Table 1

Relationship between the sociodemographics characteristics and abandonment of hormonal contraceptive methods in women of Lima, Peru, 2023 (N=100)

Variablesn%Interrupted HCsPR (95% CI)p
Age (years)
≤305252255027540.92 (0.62–1.36)0.68
Education level
Low7474438631621.74 (1.22–2.48)0.006
Marital status
Living with a partner or married8080377443860.65 (0.34–1.22)
Paid work3131163215300.829
Unpaid work6969346835700.95 (0.62–1.46)
Number of sexual partners
≥16161265235700.67 (0.42–1.05)
Age of onset of sexual activity (years)
≥184949326427540.81 (0.55–1.20)0.309
≥12929122417340.79 (0.53–1.17)
Living children
>15656295827541.08 (0.73–1.60)

* HCs: hormonal contraceptives.

Table 2

Relationship between personal factors and abandonment of hormonal contraceptive methods in women of Lima, Peru, 2023 (N=100)

Variablesn%Interrupted HCsPR (95% CI)p
Deemed having enough knowledge about HCM
No3939224417341.24 (0.81–1.89)
Embarrassed to ask about HCM
Yes5050285622441.27 (0.85–1.89)0.23
Had some adverse effect
Yes353534321226.38 (3.8–183)0.001
Had enough time to use a HCM
No2727163211221.31 (0.79–2.16)
Deemed that it is important to use a HCM
No77510241.8 (0.55–5.92)
Deemed it important to plan how many children you wish to have
No4436122.04 (0.37–11.27)

* HCs: Hormonal contraceptives

Table 3

Relationship between institutional factors and abandonment of hormonal contraceptive methods in women of Lima, Peru, 2023 (N=100)

Variablesn%Interrupted HCsPR (95% CI)p
Aware that the health center offered free HCs
No88510361.36 (0.54–3.40)
Aware that the health center was a planning center
No88510361.36 (0.54–3.40)
Aware that the family planning office was available Monday to Saturday during morning and afternoon shifts
No191912247141.44 (0.77–2.68)
The family planning methods of the Health Center La Libertad satisfy your needs
No67.149.724.51.59 (0.50–5.03)
According to the service received in the family planning office by the staff that treated you, do you consider that:
The health staff were discreet and reliablea
No89.449.849.11.03 (0.50- 2.14)
The staff identified your need to use some contraceptive methoda
No1112.9921.924.53.12 (0.87–11.10)
The health staff responded satisfactorily to your needs or doubtsa
No1011.8717.136.81.82 (0.69–4.80)
The health staff verified that you had understood all the information pertaining to the samea
No1720819.5920.50.97 (0.58–1.61)
The health staff kept a cordial and respectful attitude towards youa
No55.949.812.21.79 (0.46–15.69)
You believe that the distance from your home to the health center was a determinant not go to the health center to pick up your contraceptive method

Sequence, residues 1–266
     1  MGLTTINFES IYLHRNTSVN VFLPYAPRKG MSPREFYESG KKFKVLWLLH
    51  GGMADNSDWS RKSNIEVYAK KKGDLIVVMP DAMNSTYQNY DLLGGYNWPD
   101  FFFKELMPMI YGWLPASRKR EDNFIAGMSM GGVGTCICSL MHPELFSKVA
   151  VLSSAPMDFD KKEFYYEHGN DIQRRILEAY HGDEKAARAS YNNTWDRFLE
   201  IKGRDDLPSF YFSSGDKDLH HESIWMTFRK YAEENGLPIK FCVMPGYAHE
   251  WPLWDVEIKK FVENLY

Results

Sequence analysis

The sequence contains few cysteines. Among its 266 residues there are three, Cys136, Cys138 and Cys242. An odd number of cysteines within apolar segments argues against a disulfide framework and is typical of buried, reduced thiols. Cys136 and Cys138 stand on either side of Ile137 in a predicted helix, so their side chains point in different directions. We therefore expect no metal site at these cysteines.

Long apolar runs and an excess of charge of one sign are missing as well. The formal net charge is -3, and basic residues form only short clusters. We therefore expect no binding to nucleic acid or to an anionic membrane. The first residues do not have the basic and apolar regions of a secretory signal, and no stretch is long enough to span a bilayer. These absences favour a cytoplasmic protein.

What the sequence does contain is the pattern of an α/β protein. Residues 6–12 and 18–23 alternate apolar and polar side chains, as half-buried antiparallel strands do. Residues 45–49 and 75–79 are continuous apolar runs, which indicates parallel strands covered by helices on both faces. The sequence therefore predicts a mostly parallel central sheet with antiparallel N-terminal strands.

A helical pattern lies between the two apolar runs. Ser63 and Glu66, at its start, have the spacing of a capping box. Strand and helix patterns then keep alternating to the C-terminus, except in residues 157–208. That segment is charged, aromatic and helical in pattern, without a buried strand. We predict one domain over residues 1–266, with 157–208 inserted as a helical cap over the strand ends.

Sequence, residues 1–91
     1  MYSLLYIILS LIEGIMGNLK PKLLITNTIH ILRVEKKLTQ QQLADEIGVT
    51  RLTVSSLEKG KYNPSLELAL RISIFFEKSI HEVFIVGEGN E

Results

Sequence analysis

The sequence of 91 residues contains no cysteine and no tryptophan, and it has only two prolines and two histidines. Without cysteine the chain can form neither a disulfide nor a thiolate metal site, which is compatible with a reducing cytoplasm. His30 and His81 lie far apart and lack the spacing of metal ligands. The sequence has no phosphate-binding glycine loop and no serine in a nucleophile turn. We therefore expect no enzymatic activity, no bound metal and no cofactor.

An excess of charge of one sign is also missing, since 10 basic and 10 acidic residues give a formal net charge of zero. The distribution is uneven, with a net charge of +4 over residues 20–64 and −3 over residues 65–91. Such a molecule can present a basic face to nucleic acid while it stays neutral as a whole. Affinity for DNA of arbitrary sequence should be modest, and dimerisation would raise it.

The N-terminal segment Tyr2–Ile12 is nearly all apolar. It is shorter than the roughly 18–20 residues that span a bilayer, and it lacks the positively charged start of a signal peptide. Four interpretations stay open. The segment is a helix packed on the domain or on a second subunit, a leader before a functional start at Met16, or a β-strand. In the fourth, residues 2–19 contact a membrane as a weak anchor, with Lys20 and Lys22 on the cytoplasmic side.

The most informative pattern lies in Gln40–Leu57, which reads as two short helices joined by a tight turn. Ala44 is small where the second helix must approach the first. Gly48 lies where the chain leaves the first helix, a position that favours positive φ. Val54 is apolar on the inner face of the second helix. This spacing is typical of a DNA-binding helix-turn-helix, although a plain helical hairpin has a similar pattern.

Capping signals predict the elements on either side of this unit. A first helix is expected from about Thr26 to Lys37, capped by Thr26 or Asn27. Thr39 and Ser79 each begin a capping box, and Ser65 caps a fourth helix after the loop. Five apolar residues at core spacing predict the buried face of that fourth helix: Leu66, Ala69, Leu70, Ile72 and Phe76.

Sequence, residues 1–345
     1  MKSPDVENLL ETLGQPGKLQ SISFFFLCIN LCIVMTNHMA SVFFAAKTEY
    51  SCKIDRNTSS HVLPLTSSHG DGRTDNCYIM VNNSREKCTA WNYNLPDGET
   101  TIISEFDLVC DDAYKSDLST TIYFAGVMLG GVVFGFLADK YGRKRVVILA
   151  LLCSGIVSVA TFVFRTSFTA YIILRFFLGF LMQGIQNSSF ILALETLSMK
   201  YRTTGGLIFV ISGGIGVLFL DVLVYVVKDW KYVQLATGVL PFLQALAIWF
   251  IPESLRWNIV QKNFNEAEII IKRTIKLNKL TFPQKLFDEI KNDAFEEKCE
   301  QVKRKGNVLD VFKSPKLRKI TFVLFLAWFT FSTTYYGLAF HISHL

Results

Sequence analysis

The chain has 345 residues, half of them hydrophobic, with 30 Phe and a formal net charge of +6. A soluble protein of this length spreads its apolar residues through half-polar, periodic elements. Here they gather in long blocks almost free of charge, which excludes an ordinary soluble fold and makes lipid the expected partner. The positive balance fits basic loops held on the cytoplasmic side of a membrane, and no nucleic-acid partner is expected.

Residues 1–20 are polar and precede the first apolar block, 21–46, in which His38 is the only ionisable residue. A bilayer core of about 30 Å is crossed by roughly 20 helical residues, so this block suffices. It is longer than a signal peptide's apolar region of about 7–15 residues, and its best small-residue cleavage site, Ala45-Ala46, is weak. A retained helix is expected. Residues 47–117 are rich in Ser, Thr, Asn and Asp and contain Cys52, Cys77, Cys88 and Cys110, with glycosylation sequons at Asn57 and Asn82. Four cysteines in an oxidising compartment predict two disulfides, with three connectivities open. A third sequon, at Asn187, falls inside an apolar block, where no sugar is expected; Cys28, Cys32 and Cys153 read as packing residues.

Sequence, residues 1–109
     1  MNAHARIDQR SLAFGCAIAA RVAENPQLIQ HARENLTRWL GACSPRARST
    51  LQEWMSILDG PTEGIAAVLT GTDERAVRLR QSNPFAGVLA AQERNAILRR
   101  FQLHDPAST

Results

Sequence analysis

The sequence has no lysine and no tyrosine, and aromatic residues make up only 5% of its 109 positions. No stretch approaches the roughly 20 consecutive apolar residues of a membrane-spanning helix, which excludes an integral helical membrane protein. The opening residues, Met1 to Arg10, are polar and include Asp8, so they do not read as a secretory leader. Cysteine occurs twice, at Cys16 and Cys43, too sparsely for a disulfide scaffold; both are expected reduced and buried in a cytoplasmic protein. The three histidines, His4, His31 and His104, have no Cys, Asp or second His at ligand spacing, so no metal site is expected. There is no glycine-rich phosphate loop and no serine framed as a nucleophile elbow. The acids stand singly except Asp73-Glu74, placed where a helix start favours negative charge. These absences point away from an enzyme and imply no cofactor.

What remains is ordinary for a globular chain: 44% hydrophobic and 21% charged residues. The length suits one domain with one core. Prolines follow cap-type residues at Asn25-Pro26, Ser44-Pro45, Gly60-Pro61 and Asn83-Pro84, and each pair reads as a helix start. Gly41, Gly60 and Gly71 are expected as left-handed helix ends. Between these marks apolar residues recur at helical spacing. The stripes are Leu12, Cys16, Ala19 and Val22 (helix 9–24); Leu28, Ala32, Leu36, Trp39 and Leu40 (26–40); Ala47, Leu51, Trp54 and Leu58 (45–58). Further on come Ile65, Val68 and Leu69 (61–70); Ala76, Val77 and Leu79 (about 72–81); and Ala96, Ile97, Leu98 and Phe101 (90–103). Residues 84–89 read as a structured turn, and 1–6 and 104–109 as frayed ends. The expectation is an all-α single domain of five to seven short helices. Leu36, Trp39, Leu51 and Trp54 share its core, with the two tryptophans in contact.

Yes13131224127.32 (1.1–48.5)0.001

* HCs: hormonal contraceptives,

a N=85.

Table 4

Relationship between sociocultural factors and abandonment of hormonal contraceptive methods in women of Lima, Peru, 2023 (N=100)

Variablesn%Interrupted the use of HCsPR (95% CI)p
Do you believe it is good that schools provide information about contraceptive methods?
No77510241.8 (0.55–5.92)
Within your family circle, were contraceptive methods ever mentioned?
No5959285631620.88 (0.58–1.32)
Do you believe that the information provided in your location about contraceptive methods is adequate?
No3838173421420.84 (0.57–1.25)
Did you ever use any form of communication to learn about contraceptive methods?
No2222122410201.12 (0.68–1.87)
Did you ever think that the use of contraceptive methods was a sin?
Yes1717397844881.5 (0.76–2.94)0.18
Does your religion allows you to use contraceptive methods
No77510241.8 (0.55–5.92)
You believe your partner has a right to forbid you to use contraceptive methods
Yes7748361.17 (0.49–2.83)1
Did you ever believe that a women should not plan, since her duty is to give her husband children?
Yes33241181.51 (0.3–7.6)1
Did you have enough transportation and economic resources to attend your appointments at the Family Planning center?
No2727153012241.17 (0.72–1.88)

* HCs: Hormonal contraceptives

Table 5

Factors independently associated with discontinuation of hormonal contraceptives in women of Lima, Peru, 2023 (N=100)

Independent variablesAPR (95% CI)p
Educational level0.6 ( 0.33–1.08)0.09
Had some adverse event3.33 (2.1–5.28)<0.001